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Jim Rutherford has criticism for Canucks coaches, excuses for management

While calling for accountability for the coaches and players, the Canucks president of hockey operations took none himself.
Aquilini and Rutherford
Vancouver Canucks owner Francesco Aquilini and president of hockey operations Jim Rutherford.

It is not normal for the president of hockey operations for an NHL team to repeatedly criticize his head coach in public. But that’s what Jim Rutherford has done to Bruce Boudreau.

The latest shots were fired in an appearance on Canucks Central on Sportsnet 650 but it started at the end of last season when Rutherford publicly ripped the team’s defensive structure, particularly their inability to exit the defensive zone with control.

“We'd like to see our team play a more structured game and not depend on our goalie as much,” said Rutherford. “We depend on our goalie a lot. And we’re very fortunate we have a terrific goalie. All good teams have to have a goalie like Demko to win a Cup.”

“Our exits from our defensive zone are not good — probably one of the worst in the league,” he added.

"I didn't like our training camp."

At that time, Rutherford was clear that he wanted to bring Boudreau back but that the management team wanted to “work with him on a few things” — presumably the structural issues that they saw in the Canucks’ game.

Now, after a 3-6-3 start to the season that has the Canucks among the NHL’s basement dwellers, Rutherford’s criticisms became even more pointed on Monday, taking aim not just at the system coached by Boudreau but at how the coach prepared the players for the season.

“At this point, I would have expected better. I didn’t like our training camp and we continued into the early part of the season the same way as our training camp was,” said Rutherford. “In order for us to become a better team, we have to play with a stronger system and really be more accountable for some of the things that some of the players are struggling with.”

Asked to clarify his comments about the team’s training camp by Postmedia’s Patrick Johnston, Rutherford didn’t mince words.  

“You saw the games and the practices,” said Rutherford. “Not enough extra drive and tempo to prepare for a five-game road trip and have a structure to make it easier for the players to play in all situations.”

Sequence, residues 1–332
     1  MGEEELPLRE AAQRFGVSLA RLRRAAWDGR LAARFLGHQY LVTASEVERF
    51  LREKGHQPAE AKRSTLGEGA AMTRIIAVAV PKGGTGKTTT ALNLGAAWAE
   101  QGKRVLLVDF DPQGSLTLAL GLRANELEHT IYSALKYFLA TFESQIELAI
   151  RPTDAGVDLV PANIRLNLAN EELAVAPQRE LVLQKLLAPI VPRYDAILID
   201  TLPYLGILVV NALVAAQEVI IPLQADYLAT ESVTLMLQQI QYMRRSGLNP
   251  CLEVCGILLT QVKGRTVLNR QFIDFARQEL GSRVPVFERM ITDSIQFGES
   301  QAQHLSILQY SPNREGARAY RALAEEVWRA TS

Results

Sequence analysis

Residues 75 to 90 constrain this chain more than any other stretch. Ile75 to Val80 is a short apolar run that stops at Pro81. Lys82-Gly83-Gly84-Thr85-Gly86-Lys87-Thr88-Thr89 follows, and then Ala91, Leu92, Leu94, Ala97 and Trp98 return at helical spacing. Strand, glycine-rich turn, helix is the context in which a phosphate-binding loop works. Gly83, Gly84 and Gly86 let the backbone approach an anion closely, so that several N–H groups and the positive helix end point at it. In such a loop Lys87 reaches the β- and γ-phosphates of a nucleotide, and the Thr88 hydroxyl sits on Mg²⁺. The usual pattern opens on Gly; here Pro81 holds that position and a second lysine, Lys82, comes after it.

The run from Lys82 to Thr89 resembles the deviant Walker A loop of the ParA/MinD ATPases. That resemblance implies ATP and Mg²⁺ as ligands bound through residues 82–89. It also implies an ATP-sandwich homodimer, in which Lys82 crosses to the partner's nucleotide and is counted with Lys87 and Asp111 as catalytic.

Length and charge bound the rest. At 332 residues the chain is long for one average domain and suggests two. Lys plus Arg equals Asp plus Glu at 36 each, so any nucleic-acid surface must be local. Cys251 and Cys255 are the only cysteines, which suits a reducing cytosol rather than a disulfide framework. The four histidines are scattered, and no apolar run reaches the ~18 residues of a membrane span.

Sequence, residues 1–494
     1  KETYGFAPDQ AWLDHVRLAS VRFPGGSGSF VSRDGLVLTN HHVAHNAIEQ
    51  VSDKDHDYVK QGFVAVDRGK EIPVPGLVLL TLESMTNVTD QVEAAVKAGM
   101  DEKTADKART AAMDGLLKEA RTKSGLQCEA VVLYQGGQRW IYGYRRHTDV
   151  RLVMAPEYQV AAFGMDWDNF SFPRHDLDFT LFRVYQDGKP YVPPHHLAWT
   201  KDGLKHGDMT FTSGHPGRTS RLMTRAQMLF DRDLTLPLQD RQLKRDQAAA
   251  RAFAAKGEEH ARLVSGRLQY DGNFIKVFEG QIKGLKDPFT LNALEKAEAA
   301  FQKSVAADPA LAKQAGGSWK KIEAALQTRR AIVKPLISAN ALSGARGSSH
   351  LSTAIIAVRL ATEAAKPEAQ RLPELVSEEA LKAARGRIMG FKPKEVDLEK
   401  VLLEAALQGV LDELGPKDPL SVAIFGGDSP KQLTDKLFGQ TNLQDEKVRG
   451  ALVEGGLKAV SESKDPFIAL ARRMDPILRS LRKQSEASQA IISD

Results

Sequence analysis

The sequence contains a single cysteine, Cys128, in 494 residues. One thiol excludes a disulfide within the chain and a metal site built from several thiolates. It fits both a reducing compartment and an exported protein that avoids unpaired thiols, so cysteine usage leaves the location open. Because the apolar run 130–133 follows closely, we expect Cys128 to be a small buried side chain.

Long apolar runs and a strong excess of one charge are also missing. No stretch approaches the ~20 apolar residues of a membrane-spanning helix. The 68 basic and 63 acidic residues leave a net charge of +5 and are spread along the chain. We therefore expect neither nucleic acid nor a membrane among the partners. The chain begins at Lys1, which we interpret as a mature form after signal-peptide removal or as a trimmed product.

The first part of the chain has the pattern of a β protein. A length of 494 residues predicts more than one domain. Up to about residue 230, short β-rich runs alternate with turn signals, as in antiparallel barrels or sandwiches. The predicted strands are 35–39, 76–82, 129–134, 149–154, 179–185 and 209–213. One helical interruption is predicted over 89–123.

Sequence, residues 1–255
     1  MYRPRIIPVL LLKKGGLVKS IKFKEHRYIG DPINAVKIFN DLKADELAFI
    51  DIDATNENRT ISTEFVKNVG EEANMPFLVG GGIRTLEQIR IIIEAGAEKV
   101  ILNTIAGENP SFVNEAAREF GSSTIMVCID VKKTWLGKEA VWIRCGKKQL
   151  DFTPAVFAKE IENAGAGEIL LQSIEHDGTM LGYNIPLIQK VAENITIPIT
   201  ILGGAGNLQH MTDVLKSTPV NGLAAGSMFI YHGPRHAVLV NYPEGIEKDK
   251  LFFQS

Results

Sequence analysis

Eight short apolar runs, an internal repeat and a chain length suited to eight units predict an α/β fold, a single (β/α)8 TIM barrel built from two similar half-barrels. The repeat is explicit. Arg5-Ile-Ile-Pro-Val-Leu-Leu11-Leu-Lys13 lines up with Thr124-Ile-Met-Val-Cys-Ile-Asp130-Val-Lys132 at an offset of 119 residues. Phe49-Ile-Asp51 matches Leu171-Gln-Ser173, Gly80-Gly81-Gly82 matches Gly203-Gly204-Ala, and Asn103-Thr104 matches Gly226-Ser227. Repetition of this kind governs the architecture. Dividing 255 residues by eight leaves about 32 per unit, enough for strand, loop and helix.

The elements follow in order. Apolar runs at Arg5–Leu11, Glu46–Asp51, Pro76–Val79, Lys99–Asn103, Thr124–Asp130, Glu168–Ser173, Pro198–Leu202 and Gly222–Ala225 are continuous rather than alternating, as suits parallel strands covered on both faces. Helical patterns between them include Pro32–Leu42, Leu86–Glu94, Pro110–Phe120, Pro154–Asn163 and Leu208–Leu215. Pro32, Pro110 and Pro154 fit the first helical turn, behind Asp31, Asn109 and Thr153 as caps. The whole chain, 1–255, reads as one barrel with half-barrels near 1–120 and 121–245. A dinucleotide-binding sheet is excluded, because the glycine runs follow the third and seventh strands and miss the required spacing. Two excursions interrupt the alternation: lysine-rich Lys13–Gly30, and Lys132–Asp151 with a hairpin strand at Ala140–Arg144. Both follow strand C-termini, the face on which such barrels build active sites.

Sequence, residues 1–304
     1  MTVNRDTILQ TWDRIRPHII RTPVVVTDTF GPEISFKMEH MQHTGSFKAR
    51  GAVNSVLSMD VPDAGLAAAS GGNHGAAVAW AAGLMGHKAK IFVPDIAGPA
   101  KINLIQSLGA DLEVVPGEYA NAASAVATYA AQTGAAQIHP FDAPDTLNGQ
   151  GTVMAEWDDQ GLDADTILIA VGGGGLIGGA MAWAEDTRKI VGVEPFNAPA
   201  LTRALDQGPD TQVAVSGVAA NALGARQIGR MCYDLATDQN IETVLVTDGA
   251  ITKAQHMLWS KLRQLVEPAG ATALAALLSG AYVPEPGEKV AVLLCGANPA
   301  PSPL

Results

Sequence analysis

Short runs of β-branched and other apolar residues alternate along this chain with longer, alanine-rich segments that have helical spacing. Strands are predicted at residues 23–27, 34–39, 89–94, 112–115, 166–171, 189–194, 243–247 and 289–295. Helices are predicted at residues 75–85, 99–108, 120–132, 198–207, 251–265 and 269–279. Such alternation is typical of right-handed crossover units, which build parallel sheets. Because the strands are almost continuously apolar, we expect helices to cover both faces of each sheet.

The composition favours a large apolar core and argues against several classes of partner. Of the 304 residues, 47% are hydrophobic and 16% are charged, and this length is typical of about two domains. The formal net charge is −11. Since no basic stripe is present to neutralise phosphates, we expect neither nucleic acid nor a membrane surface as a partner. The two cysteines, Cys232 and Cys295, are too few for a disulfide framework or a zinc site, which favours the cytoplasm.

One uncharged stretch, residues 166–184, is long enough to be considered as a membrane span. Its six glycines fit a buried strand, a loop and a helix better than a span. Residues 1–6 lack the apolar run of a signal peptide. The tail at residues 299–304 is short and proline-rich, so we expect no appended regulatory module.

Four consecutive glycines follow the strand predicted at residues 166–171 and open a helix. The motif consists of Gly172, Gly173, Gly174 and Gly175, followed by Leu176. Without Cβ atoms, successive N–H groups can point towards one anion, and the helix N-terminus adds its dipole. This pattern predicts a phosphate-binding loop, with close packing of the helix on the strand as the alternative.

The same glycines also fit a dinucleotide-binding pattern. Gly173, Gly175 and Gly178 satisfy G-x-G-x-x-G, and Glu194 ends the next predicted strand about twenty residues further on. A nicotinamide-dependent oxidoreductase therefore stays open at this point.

No vote of confidence for Bruce Boudreau

650’s Satiar Shah asked directly if the right coaching staff was in place behind the bench to put in place the structure and accountability he was talking about, Rutherford equivocated.

“I do believe that the style that the team played that had success in the second half of last season was a loose style and it was more on the offensive side and our goaltender played great in the second half and really helped win a lot of those games or bailed us out in wide open games,” said Rutherford. “I don’t believe that that’s the style of play that you can sustain over a long period of time if you want to contend for a playoff spot.”

If that doesn’t sound like a vote of confidence for Boudreau, that’s because it isn’t.

Let’s keep in mind — Boudreau is not Rutherford’s coach. Boudreau was hired directly by Canucks ownership prior to hiring Rutherford as the president of hockey operations and Rutherford was not even aware when he was hired that Boudreau had a two-year contract.

“It was my understanding that he was going to get a contract for just last year,” said Rutherford on CBC’s After Hours. “He got a contract really for two years, and so he’s still got his contract. It wasn’t that we extended him one year, it was that we just lived by the contract he had.”